IMG_1600Escomb Church, probably built in the seventh century, is situated in a hollow just west of Bishop Auckland in the north east of England, and is one of only four complete Anglo-Saxon churches left in England. The many substantial slabs of stone for the building are thought to have come from the nearby large Roman settlement of Vinovia, now Binchester, where there are very well preserved Roman baths that can be visited. It could be that there was a pagan site here suggested by the circular churchyard.

IMG_1655The blocks in the stone walls vary in size from small to massive and are laid in a rather random pattern, but the corners consist of immense ‘quoins’ laid on alternate sides as can be seen here; these strengthen the walls. The stones are mainly very neatly cut, again emphasising the Roman link. Stone buildings were quite rare at this time, in fact the skill of building in stone generally left with the Romans at the end of the fourth century. It was Benedict Biscop (628–690) who brought masons from Gaul to build the stone churches of Monkwearmouth and Jarrow, and who no doubt applied their skills here too.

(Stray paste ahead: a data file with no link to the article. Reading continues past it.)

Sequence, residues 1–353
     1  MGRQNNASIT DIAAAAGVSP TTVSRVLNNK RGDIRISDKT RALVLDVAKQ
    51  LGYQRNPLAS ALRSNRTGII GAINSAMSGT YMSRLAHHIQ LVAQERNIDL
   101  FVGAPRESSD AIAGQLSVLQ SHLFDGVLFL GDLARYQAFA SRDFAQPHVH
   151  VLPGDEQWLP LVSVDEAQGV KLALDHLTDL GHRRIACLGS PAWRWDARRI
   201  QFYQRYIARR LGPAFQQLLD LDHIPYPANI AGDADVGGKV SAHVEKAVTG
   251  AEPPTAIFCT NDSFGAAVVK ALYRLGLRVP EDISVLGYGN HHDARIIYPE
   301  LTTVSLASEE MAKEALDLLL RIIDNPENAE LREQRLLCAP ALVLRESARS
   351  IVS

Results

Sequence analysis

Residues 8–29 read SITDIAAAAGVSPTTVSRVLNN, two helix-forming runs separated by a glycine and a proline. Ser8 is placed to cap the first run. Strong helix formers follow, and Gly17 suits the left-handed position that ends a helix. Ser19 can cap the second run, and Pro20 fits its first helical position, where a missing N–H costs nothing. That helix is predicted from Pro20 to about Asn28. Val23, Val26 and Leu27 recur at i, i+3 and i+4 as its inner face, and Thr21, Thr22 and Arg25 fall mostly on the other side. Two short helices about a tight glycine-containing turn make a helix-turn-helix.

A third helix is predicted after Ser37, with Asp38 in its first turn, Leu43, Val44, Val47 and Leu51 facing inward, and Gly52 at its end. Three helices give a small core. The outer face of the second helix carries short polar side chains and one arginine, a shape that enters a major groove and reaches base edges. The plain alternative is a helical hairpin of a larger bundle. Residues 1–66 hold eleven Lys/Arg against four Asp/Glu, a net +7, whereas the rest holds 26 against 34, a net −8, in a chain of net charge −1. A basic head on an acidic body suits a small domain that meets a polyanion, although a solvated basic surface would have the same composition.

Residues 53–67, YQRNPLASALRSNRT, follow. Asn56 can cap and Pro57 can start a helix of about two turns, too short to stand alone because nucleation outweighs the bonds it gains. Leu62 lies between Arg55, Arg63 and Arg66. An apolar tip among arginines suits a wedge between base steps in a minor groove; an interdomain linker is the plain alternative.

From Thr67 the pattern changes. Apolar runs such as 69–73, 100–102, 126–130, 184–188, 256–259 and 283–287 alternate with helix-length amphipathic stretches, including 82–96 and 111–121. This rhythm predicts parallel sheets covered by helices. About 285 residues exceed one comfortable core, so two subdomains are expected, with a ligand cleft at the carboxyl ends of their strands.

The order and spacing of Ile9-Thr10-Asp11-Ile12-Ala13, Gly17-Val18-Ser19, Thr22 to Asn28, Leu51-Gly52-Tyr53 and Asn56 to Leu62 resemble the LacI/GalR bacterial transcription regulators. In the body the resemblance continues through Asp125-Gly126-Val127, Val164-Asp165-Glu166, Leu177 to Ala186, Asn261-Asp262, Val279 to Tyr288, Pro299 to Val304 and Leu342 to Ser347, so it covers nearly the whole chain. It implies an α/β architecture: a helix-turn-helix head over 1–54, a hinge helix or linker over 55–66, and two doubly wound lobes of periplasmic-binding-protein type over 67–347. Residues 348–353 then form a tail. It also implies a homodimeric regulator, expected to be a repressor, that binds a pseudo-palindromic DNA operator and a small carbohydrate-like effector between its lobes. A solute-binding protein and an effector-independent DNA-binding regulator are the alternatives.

IMG_1602Outside to the right of the porch there is a sundial set into the wall, thought to be the earliest sundial in its original position, dated to the seventh or early eighth century. There would have been a metal gnomon and the three lines carved into the stone indicate the hours of Terce (the third hour), Sext (the sixth hour) and None (the ninth hour), which are the times of the services held during daylight hours.

 

 

 

IMG_1616Inside the building is marked by its initial appearance of simplicity with whitewashed walls and wooden pews. The roof timbers have been dated to 1480–1490, and between 1875–1880 the roof was restored at a cost of £500.

 

 

 

 

 

IMG_1650The simple appearance is deceptive, because looking closer it’s clear that some of the building blocks have a history. Patterns and striations caused by chisels are visible in a number of stones.

 

 

 

IMG_1635And in the chancel, one of the vertical, narrow stones has a clear pattern that is thought to be the Tree of Life, with two figures at the base.

 

 

 

 

 

 

IMG_1636These two figures could represent Adam and Eve.

 

 

 

 

 

 

 

IMG_1620The windows are small, typical of this period, but open out to the inside to almost twice their size, thus increasing the light. It is quite surprising how much light these small windows give out.